Spending on health: A global overview
|Total global expenditure for health1||US$ 6.5 trillion|
|Total global expenditure for health per person per year||US$ 948|
|Country with highest total spending per person per year on health||United States (US$ 8362)|
|Country with lowest total spending per person per year on health||Eritrea (US$ 12)|
|Country with highest government spending per person per year on health||Luxembourg (US$ 6906)|
|Country with lowest government spending per person per year on health||Myanmar (US$ 2)|
|Country with highest annual out-of-pocket household spending on health||Switzerland (US$ 2412)|
|Country with lowest annual out-of-pocket household spending on health||Kiribati (US$ 0.2)|
|Average amount spent per person per year on health in countries belonging to the Organisation for Economic Co-operation and Development (OECD)||US$ 4380|
|Percentage of the world's population living in OECD countries||18%|
|Percentage of the world's total financial resources devoted to health currently spent in OECD countries||84%|
|WHO estimate of minimum spending per person per year needed to provide basic, life-saving services||US$ 44|
|Number of WHO Member States where health spending – including spending by government, households and the private sector and funds provided by external donors – is lower than US$ 50 per person per year||34|
|Number of WHO Member States where health spending is lower than US$ 20 per person per year||7|
|Percentage of funds spent on health in WHO's Africa Region that has been provided by donors||11%|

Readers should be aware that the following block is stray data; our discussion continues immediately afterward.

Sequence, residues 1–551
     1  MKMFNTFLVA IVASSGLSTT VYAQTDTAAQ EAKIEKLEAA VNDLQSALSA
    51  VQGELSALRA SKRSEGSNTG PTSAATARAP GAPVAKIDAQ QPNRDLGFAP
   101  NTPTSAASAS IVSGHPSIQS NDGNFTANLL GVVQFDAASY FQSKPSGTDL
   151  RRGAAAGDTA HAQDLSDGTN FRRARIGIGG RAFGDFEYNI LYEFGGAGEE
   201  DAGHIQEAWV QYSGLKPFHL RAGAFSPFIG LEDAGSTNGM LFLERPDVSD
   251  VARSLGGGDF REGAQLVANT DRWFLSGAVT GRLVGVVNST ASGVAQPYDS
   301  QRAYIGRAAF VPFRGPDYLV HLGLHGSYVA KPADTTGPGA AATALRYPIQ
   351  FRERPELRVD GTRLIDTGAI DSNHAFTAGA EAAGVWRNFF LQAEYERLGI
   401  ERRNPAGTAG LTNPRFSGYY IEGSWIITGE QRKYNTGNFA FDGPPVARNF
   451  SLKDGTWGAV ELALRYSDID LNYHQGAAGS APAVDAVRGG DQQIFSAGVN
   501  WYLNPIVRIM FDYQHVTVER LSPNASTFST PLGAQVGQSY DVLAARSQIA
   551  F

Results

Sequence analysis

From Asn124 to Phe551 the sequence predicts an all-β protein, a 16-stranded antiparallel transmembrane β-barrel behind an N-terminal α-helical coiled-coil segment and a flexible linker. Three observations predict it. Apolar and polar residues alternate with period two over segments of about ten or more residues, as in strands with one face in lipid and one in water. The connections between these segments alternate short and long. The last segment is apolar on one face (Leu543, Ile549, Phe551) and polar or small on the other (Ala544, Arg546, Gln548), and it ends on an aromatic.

What WHO is doing in the area of health systems financing
WHO works with countries to devise ways of raising more funds for health equitably, to use the available funds efficiently, and to monitor the use of funds. It works with the international community to try to raise more, and more predictable funds for health.
Many countries need to use available funds more efficiently and raise more funds from domestic sources, but these measures would be insufficient to fill the current gap in the poorest countries. Only an increased and predictable flow of donor funding will allow them to meet basic health needs in the short to medium term.
Fig 1: Wealth and health expenditure are correlated (2009)
Fig 2: Correlation between expenditure on health and outcomes (2009)
Fig: DALYs lost by World Bank income region projected 2005
Note: The Disability-Adjusted Life Year (DALY) is a unit measuring the amount of health lost due to disease or condition.
1 Figures used on this factsheet are based on 2010 data.
Note that increases in US$ expenditure levels partially result from recent variations in US$ exchange rates.
For more data and indicators on health expenditure, please visit the Global Health Expenditure Database (GHED).
For more information contact:
WHO Media centre
Telephone: +41 22 791 2222